In a ruling on Monday, the U.S. Court of Appeals for the Ninth Circuit tossed out a ban on gas stoves in Berkeley, California.
The court cited the federal Energy Policy and Conservation Act as pre-empting state and local authorities from regulating natural gas, according to the Courthouse News Service. The ban, which had been instituted in the San Francisco Bay Area city, was challenged by the California Restaurant Association on the grounds that it would hamper chefs' ability to prepare food as they were trained to do — using natural gas stoves.
Donald Trump appointee U.S. Circuit Judge Patrick Bumatay, writing for the three-judge panel that made the decision, said, "States and localities can't skirt the text of broad preemption provisions by doing indirectly what Congress says they can't do directly. Berkeley can't evade preemption by merely moving up one step in the energy chain and banning natural gas piping within those buildings."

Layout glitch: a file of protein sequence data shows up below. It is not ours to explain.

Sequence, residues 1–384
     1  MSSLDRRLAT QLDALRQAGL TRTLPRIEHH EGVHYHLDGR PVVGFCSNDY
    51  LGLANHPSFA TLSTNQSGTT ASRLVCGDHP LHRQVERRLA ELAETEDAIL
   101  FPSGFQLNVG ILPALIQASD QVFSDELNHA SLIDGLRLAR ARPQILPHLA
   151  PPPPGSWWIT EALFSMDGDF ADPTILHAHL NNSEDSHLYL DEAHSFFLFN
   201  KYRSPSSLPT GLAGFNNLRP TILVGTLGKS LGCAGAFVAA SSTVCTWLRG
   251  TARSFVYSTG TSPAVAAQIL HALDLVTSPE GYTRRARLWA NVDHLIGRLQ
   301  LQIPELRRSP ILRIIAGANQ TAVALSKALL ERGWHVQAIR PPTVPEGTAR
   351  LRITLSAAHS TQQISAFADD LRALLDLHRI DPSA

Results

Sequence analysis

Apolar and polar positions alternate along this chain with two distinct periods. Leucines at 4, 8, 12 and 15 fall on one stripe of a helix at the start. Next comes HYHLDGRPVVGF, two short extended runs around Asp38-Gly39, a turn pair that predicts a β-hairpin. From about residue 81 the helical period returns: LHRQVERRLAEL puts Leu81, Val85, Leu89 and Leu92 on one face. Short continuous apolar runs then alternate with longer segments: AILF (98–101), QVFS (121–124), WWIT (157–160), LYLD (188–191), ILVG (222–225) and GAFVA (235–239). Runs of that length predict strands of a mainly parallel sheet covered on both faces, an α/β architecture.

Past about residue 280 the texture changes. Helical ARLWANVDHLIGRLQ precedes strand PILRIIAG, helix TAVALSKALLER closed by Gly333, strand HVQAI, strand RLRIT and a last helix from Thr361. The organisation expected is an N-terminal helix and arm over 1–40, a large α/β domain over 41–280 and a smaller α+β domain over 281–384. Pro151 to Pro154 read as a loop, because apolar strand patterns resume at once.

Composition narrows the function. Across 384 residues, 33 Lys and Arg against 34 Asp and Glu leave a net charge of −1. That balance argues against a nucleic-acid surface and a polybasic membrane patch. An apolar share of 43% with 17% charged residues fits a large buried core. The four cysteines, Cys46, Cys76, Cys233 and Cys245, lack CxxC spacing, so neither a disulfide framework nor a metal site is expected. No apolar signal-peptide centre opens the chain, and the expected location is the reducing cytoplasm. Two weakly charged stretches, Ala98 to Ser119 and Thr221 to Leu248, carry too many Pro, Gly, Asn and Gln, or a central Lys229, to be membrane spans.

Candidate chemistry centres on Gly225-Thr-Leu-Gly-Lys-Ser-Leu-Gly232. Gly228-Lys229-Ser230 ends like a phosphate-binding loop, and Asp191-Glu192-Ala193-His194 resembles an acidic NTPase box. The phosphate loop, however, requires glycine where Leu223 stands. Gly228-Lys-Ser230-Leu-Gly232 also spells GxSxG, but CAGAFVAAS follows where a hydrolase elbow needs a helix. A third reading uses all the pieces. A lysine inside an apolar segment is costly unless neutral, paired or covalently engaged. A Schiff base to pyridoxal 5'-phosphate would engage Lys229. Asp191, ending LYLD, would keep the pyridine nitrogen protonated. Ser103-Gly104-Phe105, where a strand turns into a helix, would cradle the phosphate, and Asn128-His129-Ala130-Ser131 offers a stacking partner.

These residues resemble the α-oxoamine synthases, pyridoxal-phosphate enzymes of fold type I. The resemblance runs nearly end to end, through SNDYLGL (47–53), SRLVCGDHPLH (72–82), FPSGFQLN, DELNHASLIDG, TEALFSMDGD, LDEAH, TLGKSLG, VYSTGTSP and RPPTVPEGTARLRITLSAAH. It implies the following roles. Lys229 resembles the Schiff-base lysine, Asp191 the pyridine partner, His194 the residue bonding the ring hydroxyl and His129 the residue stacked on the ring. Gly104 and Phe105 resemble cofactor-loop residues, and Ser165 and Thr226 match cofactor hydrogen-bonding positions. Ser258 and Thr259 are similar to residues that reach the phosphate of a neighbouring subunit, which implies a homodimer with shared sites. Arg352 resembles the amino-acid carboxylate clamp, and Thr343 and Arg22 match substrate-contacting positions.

Conservative groups, including Reform California, welcomed the ruling, with chair Carl DeMaio saying, "We are thrilled with the 9th Circuit Court decision because this decision not only will apply to these mandates on new construction, but will also block the costly home retrofits that a number of cities and counties have been implementing."
The Ninth Circuit's decision could have implications beyond the city of Berkeley, potentially impacting other cities and states that have sought to limit the use of natural gas. It remains to be seen how the Biden administration will respond to the ruling and whether it will seek to continue its efforts to reduce the use of gas stoves.
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